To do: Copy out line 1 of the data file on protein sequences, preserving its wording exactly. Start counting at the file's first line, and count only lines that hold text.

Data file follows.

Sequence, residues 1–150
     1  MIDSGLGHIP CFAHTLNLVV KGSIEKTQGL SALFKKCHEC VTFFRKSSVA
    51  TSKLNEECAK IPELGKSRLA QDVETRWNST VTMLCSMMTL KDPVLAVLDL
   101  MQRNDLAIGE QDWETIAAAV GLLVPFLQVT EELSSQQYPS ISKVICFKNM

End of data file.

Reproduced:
Sequence, residues 1–150